Deal reached over reform of controversial police list

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Kevin Landrigan, The New Hampshire Union Leader, Manchester
·4 min read
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Apr. 16—CONCORD — A significant milestone for police reform arrived Thursday, with widespread support emerging for a bill to make public the names of all officers whose credibility could be questioned at trial.

The private negotiations of leaders in law enforcement, media, civil liberties, and human rights advocates produced a compromise that a bipartisan group of state senators sponsored.

No uniform standard exists for placing officers on the so-called Laurie List, formally known as the Exculpatory Evidence Schedule (EES), and officers have no right to appeal that decision. This bill would give officers the right to challenge being put on the list.

The plan was offered as an amendment to a House-passed bill (HB 471) that would make public the disciplinary hearings before the state Police Standards and Training Council regarding police officers.

Incoming Attorney General John Formella presented the deal on the eve of his leaving as Gov. Chris Sununu's legal counsel to become the state's top prosecutor.

"We will work to implement it in a way that is fair and in a way consistent with the desires of all the stakeholders that came together in support of this language," Formella told the Senate Judiciary Committee.

Safety Commissioner Robert Quinn said the achievement is notable as many states cope with emotional divisions among the public about the handling of police misconduct or fatality cases.

"With all we are dealing with across the country, this increases and improves trust in law enforcement," Quinn said.

Many law enforcement executives said some of the officers had no idea they were on the list. This bill would notify all officers on the list, and give them six months to file a lawsuit challenging that decision.

All those put on the list after the bill became law would have 90 days to lodge their own challenge.

The state Department of Justice would update the list online every 30 days, and on a quarterly basis it would inform the public of the number of officers who have sued to keep their names private.

In the Supreme Court case of Union Leader vs. Fenniman in 1993, justices ruled the identity of these officers was not subject to the state's Right-to-Know Law.

The court reversed itself in a 2020 decision in a case the Union Leader brought against the town of Salem regarding a police audit, but sent it down to a lower court for more review.

If the bill becomes law, it will render moot that lawsuit and other cases in which the Keene Sentinel, Seacoast Newspapers, Concord Monitor, Nashua Telegraph and the New Hampshire Center for Public Interest Journalism have been involved, according to Gilles Bissonnette, legal director for the American Civil Liberties Union of New Hampshire.

"I do believe this is a strong proposal that not only addresses concerns we heard from law enforcement but from advocates for transparency like myself," Bissonnette said.

This reform had been a major theme among the 48 recommendations from the Commission on Law Enforcement Accountability, Community and Transparency (LEACT) created by Gov. Chris Sununu last summer after the death of George Floyd at the hands of Minnesota police officers.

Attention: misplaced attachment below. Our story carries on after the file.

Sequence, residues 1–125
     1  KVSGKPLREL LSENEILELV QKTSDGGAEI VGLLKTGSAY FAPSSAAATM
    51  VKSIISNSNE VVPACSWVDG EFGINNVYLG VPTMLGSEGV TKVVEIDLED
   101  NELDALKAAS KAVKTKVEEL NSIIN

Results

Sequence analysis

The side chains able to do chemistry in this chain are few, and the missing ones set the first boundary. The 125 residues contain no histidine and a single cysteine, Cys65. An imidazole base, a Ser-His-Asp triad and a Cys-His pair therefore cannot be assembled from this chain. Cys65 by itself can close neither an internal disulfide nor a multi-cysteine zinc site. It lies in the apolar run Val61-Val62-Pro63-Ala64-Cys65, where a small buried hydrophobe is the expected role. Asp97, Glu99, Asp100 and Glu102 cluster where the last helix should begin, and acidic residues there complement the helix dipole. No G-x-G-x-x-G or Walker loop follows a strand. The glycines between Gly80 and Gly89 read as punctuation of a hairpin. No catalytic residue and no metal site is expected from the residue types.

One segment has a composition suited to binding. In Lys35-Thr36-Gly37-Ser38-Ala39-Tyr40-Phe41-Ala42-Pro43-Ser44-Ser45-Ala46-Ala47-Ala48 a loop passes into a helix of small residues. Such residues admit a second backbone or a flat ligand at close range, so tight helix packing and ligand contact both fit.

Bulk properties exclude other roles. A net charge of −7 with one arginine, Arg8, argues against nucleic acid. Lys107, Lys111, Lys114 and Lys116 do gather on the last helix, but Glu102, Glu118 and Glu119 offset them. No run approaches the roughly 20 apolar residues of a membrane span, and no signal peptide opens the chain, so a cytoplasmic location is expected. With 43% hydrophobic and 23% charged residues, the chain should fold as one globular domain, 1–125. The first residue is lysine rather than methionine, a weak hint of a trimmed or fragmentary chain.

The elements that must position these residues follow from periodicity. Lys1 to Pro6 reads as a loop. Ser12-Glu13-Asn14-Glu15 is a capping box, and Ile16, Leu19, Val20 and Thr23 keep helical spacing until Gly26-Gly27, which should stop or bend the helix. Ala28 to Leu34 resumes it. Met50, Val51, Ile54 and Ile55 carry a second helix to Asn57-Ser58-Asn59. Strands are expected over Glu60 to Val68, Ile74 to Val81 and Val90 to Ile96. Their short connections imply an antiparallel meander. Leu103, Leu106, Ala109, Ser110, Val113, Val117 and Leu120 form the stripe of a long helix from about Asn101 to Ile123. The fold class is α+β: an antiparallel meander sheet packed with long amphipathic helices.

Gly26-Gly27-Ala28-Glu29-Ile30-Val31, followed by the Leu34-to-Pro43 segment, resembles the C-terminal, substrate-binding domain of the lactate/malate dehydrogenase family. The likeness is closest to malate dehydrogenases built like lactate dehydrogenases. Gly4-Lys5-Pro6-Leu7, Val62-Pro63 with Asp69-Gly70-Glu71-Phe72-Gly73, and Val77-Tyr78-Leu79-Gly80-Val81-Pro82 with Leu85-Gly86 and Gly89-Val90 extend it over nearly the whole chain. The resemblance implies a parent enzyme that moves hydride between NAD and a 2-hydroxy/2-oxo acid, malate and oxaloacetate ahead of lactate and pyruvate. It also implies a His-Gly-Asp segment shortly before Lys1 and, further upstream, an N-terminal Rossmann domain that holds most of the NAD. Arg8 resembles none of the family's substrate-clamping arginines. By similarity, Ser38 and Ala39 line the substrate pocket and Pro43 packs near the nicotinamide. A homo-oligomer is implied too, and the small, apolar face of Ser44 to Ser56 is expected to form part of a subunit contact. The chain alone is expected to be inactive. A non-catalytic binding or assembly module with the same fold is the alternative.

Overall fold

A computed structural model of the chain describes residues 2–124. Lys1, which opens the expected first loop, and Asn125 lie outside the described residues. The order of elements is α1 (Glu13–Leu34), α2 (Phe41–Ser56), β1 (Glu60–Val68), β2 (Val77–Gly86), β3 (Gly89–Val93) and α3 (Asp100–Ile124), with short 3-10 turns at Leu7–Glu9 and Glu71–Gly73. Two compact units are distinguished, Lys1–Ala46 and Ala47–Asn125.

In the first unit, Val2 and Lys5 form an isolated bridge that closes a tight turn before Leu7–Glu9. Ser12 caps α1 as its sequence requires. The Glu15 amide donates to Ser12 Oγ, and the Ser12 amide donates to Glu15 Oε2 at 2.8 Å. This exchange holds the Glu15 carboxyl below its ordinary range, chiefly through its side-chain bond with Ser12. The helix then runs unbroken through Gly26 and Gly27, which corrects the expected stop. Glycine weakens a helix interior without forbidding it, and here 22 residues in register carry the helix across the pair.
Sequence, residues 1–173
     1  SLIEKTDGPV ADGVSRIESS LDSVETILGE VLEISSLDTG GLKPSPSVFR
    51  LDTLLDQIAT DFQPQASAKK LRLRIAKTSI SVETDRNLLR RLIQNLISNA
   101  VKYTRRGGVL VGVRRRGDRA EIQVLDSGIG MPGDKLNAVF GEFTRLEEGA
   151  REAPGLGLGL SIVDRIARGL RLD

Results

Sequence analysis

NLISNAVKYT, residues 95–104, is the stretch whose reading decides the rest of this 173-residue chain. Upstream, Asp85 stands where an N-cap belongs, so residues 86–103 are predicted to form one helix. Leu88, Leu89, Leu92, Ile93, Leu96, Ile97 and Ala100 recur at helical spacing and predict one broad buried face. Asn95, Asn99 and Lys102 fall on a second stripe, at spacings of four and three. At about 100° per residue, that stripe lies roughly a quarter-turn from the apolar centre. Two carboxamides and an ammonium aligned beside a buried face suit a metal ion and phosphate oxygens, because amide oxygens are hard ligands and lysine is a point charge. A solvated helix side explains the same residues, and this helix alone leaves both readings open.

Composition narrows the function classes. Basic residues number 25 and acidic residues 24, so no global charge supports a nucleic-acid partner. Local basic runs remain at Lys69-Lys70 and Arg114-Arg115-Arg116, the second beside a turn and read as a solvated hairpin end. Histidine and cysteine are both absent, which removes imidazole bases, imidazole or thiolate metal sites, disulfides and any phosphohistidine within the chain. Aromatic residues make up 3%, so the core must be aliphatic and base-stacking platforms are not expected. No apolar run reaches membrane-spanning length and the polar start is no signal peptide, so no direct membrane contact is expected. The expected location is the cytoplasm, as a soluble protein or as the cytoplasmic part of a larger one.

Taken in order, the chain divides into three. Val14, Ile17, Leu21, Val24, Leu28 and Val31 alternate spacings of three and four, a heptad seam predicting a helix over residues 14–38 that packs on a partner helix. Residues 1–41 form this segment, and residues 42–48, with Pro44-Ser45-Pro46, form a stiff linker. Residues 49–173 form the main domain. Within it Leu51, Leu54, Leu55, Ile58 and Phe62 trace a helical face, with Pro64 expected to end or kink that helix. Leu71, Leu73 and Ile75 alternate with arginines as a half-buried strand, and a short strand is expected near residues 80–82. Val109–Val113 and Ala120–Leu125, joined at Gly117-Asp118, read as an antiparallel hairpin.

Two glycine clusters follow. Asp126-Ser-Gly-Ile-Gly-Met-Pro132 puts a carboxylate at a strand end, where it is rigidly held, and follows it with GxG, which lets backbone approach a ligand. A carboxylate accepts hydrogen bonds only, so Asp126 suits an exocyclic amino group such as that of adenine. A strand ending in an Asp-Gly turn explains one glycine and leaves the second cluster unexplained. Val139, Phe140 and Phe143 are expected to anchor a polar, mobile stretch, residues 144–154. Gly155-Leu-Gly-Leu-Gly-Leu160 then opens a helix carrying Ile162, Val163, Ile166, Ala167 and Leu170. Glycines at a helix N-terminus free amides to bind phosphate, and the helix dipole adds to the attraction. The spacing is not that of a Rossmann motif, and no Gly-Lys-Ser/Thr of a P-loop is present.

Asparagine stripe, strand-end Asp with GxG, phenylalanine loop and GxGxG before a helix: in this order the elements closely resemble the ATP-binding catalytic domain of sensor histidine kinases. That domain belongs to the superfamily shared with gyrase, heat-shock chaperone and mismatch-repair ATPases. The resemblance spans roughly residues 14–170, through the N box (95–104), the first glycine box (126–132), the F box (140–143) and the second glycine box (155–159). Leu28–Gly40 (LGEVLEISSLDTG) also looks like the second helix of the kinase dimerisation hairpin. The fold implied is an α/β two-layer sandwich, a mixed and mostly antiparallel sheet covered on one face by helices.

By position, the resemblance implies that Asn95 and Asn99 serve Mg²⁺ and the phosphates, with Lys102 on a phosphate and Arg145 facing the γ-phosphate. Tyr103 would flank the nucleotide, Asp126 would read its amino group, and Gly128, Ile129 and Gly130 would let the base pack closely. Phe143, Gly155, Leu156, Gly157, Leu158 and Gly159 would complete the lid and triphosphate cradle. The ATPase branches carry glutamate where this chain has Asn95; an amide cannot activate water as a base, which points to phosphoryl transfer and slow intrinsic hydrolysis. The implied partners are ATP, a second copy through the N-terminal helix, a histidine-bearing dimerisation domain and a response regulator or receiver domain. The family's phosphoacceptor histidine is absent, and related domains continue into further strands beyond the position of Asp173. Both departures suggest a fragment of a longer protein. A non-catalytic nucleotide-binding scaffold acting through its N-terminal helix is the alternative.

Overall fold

"The language of the amendment is fair and quite simply, it is the right thing to do," said Hollis Police Chief Joseph Hoebeke, president of the New Hampshire Association of Chiefs of Police.

"We feel this is a fair balance that provides a level of transparency that is not in place right now and one that the public clearly expects."

Leaders with the New Hampshire Troopers Association, New Hampshire Police Association along with other LEACT commission members urged the Senate to embrace this change.

Robin Malone, president of the New Hampshire Association of Criminal Defense Lawyers, said her group had no role in the private negotiations that produced this compromise. She said her colleagues have some "concerns" about how the bill will "impact our clients' rights."

The EES list is a Department of Justice policy that is actually not currently spelled out in state law.

That's why this amendment states the agency "may" continue updating the list in the future, rather than "shall."

Senior Assistant Attorney General Matthew Broadhead said this was part of the extensive "horse trading" needed to bring about the deal.

The LEACT Commission also recommended lawmakers create an independent panel to hear all police disciplinary cases in the future, along the lines of committees that now respond to misconduct complaints against judges and lawyers.

Putting that language into a bill all can support during the 2021 legislative session has been harder than the list issue.

That's why Gov. Sununu proposed last February in his budget trailer bill (HB 2) to form a second commission that would finish that work.

Supreme Court Chief Justice Gordon MacDonald, who was attorney general at the time, had vowed to create an office in his agency to investigate all the complaints.

The independent panel and AG's Office could entirely replace the list.

In the meantime, Formella vowed his office would keep the faith.

"As incoming attorney general, it is absolutely my intent to maintain the EES. This is part of the overall compromise," Formella said.